What I Wish I’d Known Before Becoming a Pongamia Farmer

by Elisabeth Beagle, TerViva Propagation & Agronomy Associate

My friends won’t know what I’m talking about.

New pongamia farmers, have your elevator pitch ready – even most fellow farmers have never heard of the crop. Pongamia (pohn-gah-me-ah for most, pohn-gaym-ee-ah for Florida folks) is a semi-deciduous, nitrogen-fixing legume tree that can be grown in diverse tropical and subtropical marginal lands. Drought and salinity tolerant, it’s well-suited for land not arable for food crops. The trees grow to 15-20 meters, set flowers after 3-4 years, and take 9-11 months to form a mature pod after anthesis.

Pongamia farmers harvest pods – up to 100 kg of pods per mature tree, per year. Each pod contains a seed. The oil content of the seed is approximately 35% of the dry seed weight and 55% of it is oleic acid, the ideal fatty acid for good-quality biodiesel production. Uses for pongamia oil are extensive – from adjuvant to lubricant, biodiesel to jet fuel. Beyond the oil, the seedcake (pulp left over after the oil is pressed from the seed) is a valuable source of protein; the pod shells separated during processing is a viable baseload feedstock for power plants.

DO mistake the forest for the trees.

Each variety of pongamia tree grows differently – the trick to successful pongamia crop production is to grow the best varieties, consistently. Ideal traits include regular and timely flowering, growth rate, pod set and weight, and seed oil content. Here’s the catch: if you crack open a pod and plant the seed, the tree that grows is unlikely to share the characteristics of the tree the pod came from. TerViva has compiled an exclusive library of high yielding, patentable pongamia genetics from around the world, and developed propagation techniques for scalable, consistent results. The core of TerViva’s IP platform is elite pongamia genetics that are iteratively advanced.

TerViva is not a coconut water company, Mom.

TerViva helps growers convert distressed agriculture land into productive acreage by growing pongamia. The US has lost 40 million acres of arable land in the past 40 years to disease and changing environmental conditions – while demand for food and fuel soars. In Florida, disease has caused 50% of citrus acreage to be lost in 10 years. Hurricane Irma made the picture worse. In Hawaii, 85% of sugarcane production has been abandoned due to cost of production and competition.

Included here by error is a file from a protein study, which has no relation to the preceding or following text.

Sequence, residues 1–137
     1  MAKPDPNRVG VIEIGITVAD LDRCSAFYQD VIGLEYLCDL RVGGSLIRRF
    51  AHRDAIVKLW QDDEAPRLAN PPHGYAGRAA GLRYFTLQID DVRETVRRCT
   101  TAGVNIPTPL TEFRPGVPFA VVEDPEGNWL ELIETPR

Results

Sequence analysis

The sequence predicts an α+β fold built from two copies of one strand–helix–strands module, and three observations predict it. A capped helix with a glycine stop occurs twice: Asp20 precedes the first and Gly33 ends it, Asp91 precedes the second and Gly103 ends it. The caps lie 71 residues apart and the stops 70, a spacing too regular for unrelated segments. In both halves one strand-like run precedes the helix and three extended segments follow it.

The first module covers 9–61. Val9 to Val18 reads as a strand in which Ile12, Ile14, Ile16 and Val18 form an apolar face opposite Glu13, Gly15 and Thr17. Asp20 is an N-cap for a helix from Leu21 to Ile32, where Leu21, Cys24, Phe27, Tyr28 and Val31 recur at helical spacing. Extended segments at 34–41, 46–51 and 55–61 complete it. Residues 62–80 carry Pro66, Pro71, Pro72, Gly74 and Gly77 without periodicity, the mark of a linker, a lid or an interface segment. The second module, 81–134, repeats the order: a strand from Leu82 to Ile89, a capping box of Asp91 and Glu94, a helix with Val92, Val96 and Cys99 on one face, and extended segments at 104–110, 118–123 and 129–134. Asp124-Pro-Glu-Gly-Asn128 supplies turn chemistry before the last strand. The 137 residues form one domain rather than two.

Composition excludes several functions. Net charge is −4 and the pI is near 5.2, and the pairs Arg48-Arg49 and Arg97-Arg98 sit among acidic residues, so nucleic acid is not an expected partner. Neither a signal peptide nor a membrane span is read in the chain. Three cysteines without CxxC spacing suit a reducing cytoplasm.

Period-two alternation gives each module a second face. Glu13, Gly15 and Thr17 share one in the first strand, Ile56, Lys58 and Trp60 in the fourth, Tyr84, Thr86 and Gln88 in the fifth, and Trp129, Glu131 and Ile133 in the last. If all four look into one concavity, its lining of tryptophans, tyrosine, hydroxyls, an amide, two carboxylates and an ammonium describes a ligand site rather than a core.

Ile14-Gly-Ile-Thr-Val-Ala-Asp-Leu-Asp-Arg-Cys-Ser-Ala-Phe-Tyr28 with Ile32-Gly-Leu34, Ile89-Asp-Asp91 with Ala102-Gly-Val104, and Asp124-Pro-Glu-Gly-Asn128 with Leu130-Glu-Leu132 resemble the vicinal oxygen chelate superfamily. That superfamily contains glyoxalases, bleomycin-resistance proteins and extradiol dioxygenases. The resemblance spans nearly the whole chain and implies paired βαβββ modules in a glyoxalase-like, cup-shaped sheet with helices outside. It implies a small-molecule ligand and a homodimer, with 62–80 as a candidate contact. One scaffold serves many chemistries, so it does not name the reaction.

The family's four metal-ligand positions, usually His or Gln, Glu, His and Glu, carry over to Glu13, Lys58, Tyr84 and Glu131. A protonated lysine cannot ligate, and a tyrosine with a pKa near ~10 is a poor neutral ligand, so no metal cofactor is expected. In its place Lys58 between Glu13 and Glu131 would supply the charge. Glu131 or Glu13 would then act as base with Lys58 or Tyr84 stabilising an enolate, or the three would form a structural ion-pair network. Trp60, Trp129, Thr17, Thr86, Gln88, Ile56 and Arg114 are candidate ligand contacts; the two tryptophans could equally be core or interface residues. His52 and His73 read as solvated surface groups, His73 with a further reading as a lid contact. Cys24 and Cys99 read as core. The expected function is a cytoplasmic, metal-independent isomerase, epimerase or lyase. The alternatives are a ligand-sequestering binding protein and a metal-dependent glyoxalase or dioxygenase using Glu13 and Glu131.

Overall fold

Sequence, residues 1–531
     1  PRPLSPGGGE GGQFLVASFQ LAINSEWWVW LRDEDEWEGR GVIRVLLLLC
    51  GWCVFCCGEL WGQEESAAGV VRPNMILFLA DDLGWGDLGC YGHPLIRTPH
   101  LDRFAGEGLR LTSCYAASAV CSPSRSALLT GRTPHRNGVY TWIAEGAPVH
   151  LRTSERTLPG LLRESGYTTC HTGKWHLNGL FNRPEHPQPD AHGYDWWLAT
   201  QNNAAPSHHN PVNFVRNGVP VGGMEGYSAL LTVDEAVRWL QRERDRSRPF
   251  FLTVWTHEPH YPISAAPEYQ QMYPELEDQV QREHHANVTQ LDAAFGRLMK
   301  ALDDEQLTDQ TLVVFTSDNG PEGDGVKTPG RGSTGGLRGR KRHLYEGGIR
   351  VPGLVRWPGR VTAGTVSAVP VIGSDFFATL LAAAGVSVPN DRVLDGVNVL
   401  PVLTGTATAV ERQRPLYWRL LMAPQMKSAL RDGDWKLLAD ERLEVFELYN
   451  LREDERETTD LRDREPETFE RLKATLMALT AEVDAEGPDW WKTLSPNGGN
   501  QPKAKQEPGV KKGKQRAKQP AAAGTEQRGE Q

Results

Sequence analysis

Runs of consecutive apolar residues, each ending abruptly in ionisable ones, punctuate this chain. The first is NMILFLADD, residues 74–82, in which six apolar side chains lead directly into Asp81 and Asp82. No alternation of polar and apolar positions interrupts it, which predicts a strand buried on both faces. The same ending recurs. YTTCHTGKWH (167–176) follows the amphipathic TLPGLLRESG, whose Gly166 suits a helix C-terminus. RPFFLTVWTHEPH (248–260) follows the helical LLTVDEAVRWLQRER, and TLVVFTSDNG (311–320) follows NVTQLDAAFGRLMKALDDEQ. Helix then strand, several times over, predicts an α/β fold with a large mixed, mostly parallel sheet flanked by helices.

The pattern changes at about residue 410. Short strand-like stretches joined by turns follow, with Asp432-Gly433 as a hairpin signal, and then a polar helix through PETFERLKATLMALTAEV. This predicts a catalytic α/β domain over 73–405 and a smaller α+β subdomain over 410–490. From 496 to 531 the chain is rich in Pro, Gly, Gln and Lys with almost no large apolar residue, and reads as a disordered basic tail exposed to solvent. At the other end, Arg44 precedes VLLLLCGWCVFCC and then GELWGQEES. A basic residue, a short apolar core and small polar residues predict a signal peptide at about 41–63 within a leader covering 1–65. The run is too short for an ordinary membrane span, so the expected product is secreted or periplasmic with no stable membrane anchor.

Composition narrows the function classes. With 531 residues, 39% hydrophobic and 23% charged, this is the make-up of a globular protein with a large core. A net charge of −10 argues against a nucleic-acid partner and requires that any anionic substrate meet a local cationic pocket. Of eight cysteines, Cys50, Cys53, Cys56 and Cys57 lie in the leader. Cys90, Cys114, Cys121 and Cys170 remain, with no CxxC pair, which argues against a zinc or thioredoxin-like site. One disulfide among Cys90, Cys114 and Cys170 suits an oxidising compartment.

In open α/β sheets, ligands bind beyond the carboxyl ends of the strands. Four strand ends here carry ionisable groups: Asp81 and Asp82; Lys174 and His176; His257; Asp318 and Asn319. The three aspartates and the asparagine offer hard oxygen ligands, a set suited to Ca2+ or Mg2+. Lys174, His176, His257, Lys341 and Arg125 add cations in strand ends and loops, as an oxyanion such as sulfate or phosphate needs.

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Pongamia orchard on the North Shore of Oahu in July 2017

TerViva provides cultivar development and supply by selling growers elite trees best suited to their situation. TerViva has established commercial size acreage in Florida and Hawaii, geographies where the need for a new crop and the proper climate for pongamia intersect. Pongamia easily “drops in” to existing farm operations, utilizing the same field setups and infrastructure. The grower plants and maintains the trees at their expense; the pods are harvested using existing mechanical nut-harvesting equipment and transported to a centralized processor; then TerViva acts as the marketer for oil, protein seed cake and shells.

Pongamia farmers in Hawaii take an average of 9,740 steps per day in the field.

Hope your boots are made for walkin’, pongamia farmers. It turns out putting hands and eyes on each of the 121 trees per acre adds up to quite a distance. Trees are planted at 18 feet intervals along rows spaced 20 feet apart to accommodate the catchment frame of the harvester. Each field row consists of trees of the same cultivar, so that the entire row flowers, sets pods, and is ready for harvest at the same time.

The walking distance triples during planting. Pray for cloud cover.

Never say there is nothing beautiful in the world anymore. There is always something to make you wonder in the shape of a tree, the trembling of a leaf (Albert Schweitzer).

Sweaty, dusty pongamia farmers enjoy moments of respite while sitting beneath the shade of pongamia trees, reflecting hopefully on the gravitas of our work. Growing pongamia is for those farmers who are in it for the long game; growing pongamia is an investment for the future. Growing pongamia exhibits the belief that agriculture will continue to lead our population forward, towards renewable and environmentally sustainable energy sources. Had I known how rewarding growing pongamia would be, I would have started sooner! Wish someone had told me.

 

 

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